Re: 10gR2 RMan Transport Tablespace

Good suggestion, Stefan, except that we have numerous schemas for our 
home-grown Apps in the database.  We can't just overwrite the Dev and Test 
databases with a duplicate of Prod.  It would be almost as much trouble to 
preserve and replace the App schemas (some of which are large in their own 
right) in Dev and Test after a refresh as to just transport the SIS data.

We've gotten a few of the Apps out of the SIS database, but accessing all 
the SIS tables from another DB via DB Links has proven problematic, 
especially since a lot of the SIS tables use LONGs.

Jack C. Applewhite - Database Administrator
Austin I.S.D. - MIS Department
512.414.9715 (wk)  /  512.935.5929 (pager)




Stefan Knecht <knecht.stefan@xxxxxxxxx>
 
Sent by: oracle-l-bounce@xxxxxxxxxxxxx
01/28/2009 10:23 AM
Please respond to
knecht.stefan@xxxxxxxxx


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Subject
Re: 10gR2 RMan Transport Tablespace






For something like this I would not worry about the metadata / # of 
objects at all, and simply go with duplicate database RMAN offers.

Cheers

Stefan


On Wed, Jan 28, 2009 at 5:10 PM, Michael Fontana <mfontana@xxxxxxxxxxx> 
wrote:
Congratulations on doing your best to overcome what is an almost 
unimaginably bad design.  However, I am sure many on this list have had to 
cut their teeth on one if not many of these.  Some major applications 
(even those owned by Oracle) are also often needlessly complicated and 
make poor use of Oracle tablespaces, each in their own way (think SAP, 
Peoplesoft, Siebel, etc). 
 
The number of tables and indices you have make this an absolutely perfect 
situation for the use of transportable tablespaces and RMAN.  It should be 
fairly straightforward and easy to script a refresh operation, but keep in 
mind you will have to use one of the export/import methods (classic 
export/import or datapump) to migrate metadata.  Since this is a newer 
operation and your metadata will probably be quite large, it might be 
worth it to use the newer datapump features including multiple processes 
during migration over the LAN.  I have used this quite awhile with no 
pitfalls except an occasional network glitch or unplanned outage.  Still, 
using this method should DECREASE the amount of data you are migrating and 
mitigate such issues.
 
On a final note – are you saying that even the indices are in the same 
tablespace?  While there are not as many reasons to so as there once was, 
I would consider rebuilding them in your production system and placing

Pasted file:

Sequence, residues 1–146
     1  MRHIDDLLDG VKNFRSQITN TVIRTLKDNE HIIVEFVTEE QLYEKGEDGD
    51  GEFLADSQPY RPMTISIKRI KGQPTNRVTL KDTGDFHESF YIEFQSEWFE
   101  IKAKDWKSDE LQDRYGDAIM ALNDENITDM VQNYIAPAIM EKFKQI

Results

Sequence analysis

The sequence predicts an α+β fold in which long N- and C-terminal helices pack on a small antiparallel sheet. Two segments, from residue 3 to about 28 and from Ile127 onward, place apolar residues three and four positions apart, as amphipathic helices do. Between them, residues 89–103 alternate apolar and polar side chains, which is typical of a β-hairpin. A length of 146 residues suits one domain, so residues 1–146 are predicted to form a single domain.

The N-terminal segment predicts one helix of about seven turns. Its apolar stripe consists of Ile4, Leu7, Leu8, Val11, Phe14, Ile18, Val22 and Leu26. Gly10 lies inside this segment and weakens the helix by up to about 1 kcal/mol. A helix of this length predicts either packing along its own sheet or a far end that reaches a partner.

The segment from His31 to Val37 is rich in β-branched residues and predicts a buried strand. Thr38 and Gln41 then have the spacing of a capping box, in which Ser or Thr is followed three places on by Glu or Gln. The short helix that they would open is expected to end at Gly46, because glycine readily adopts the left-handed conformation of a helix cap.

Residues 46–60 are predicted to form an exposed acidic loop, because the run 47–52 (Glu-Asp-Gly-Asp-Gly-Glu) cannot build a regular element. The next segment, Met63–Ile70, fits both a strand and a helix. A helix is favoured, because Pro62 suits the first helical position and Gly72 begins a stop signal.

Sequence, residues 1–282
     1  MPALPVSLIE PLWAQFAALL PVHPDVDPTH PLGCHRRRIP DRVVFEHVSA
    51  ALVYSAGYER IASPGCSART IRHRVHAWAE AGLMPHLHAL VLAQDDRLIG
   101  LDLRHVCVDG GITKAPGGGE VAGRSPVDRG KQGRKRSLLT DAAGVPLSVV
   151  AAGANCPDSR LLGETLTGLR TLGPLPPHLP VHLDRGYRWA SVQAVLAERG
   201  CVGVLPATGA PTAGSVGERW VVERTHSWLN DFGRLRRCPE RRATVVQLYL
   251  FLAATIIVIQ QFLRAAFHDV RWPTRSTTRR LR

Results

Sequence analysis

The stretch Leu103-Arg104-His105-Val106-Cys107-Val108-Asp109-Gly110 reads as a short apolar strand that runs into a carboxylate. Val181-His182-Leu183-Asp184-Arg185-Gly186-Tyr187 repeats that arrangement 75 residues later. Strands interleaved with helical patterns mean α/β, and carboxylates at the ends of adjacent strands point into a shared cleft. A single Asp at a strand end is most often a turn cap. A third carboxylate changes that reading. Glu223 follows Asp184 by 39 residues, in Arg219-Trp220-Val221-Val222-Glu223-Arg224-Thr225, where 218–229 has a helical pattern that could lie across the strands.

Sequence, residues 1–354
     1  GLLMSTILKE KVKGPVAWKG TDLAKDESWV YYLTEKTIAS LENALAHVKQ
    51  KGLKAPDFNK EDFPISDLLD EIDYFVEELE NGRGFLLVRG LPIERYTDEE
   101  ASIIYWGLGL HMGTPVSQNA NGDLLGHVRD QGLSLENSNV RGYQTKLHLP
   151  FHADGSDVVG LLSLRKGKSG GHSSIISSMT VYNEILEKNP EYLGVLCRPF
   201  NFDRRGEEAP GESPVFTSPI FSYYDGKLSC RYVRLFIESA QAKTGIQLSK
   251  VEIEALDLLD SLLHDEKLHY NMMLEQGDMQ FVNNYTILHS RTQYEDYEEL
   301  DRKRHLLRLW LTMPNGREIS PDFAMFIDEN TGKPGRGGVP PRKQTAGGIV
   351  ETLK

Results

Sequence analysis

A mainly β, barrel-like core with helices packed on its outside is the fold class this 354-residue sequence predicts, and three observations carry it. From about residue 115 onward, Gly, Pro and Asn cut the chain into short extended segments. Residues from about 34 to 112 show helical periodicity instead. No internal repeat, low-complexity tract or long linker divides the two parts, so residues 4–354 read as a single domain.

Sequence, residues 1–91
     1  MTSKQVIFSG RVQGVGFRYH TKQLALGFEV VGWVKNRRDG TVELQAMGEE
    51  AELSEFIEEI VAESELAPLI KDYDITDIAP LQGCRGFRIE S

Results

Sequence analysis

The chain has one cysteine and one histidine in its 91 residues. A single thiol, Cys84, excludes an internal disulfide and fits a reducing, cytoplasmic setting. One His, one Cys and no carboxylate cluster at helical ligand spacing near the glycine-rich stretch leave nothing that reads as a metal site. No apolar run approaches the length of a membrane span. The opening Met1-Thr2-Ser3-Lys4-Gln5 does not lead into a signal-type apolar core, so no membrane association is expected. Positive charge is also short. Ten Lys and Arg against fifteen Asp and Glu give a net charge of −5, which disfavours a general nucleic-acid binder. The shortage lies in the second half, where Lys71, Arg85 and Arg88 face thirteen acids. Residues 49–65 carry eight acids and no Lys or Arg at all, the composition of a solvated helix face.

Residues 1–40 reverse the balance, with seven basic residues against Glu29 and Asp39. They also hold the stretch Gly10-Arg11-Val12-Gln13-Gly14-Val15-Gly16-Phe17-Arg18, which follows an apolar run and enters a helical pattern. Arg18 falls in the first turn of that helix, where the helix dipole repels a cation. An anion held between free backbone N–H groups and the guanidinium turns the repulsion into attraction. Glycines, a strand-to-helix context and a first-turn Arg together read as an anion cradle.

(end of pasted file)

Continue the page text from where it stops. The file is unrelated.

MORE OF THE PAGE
them in a separate tablespace as a manageability issue.  It would make 
operations such as this much easier to accomplish.  You might even 
consider putting larger indices in a separate tablespace from smaller ones 
for space efficiency.  This should be fairly easy to accomplish with a 
phased approach over time, but of course would probably have to be 
scheduled during an outage window.  Usually applications such as this make 
no reference to the tablespace where an index is located, but I have seen 
some that routinely drop and/or rebuild indices within application 
processes, so watch for that.
 
 

From: oracle-l-bounce@xxxxxxxxxxxxx [mailto:oracle-l-bounce@xxxxxxxxxxxxx] 
On Behalf Of japplewhite@xxxxxxxxxxxxx
Sent: Wednesday, January 28, 2009 9:56 AM
To: oracle-l@xxxxxxxxxxxxx
Subject: 10gR2 RMan Transport Tablespace
 

Environment: 10.2.0.4 Enterprise DBs on RHEL 4.0 servers 

We use a 3rd party Student Information System (SIS) that (mis)uses an 
Oracle database to store over 176,000 tables and 275,000 indexes.  Yes, 
it's a horrible design, but we've been stuck with it for years and have 
figured out how to manage nicely in spite of it. 

We refresh our Dev and Test databases weekly with the whole set of tables 
and indexes so our Developers have fresh meat to gnaw.  For years we've 
done this via Export / Drop / Import - multiple jobs in parallel - because 
Prod and Dev / Test were on different OS's.  Now we've finally got them 
all on the same OS and at the same 10gR2 level - was 9iR2 up through 
December. 

Exp / Drop / Imp works OK, but takes all day Sunday.  We've been 
anticipating that Transportable Tablespaces would be the ticket for us, 
since the SIS stores all tables and indexes in a single tablespace.  Plus, 
the SIS uses nothing but the plainest of vanilla datatypes and no fancy 
database features that would preclude us from using TT.  I've perused the 
RMan docs on Transport Tablespace and it looks like we could do it. 

I do wonder if there are pitfalls for us, having over 450,000 segments in 
that single 88GB tablespace (11 x 8GB datafiles).  Anyone have any 
positive or negative experience with something like this? 

BTW, I've also considered using Data Pump Import on the target DBs over DB 
Links back to Prod, but feel that would use such a huge amount of LAN / 
WAN bandwidth - especially since it'd have to be done for both Dev and 
Test - that impdp is not feasible for us.  Any comments about that 
approach? 

Thanks. 

Jack C. Applewhite - Database Administrator
Austin I.S.D. - MIS Department
512.414.9715 (wk)  /  512.935.5929 (pager)


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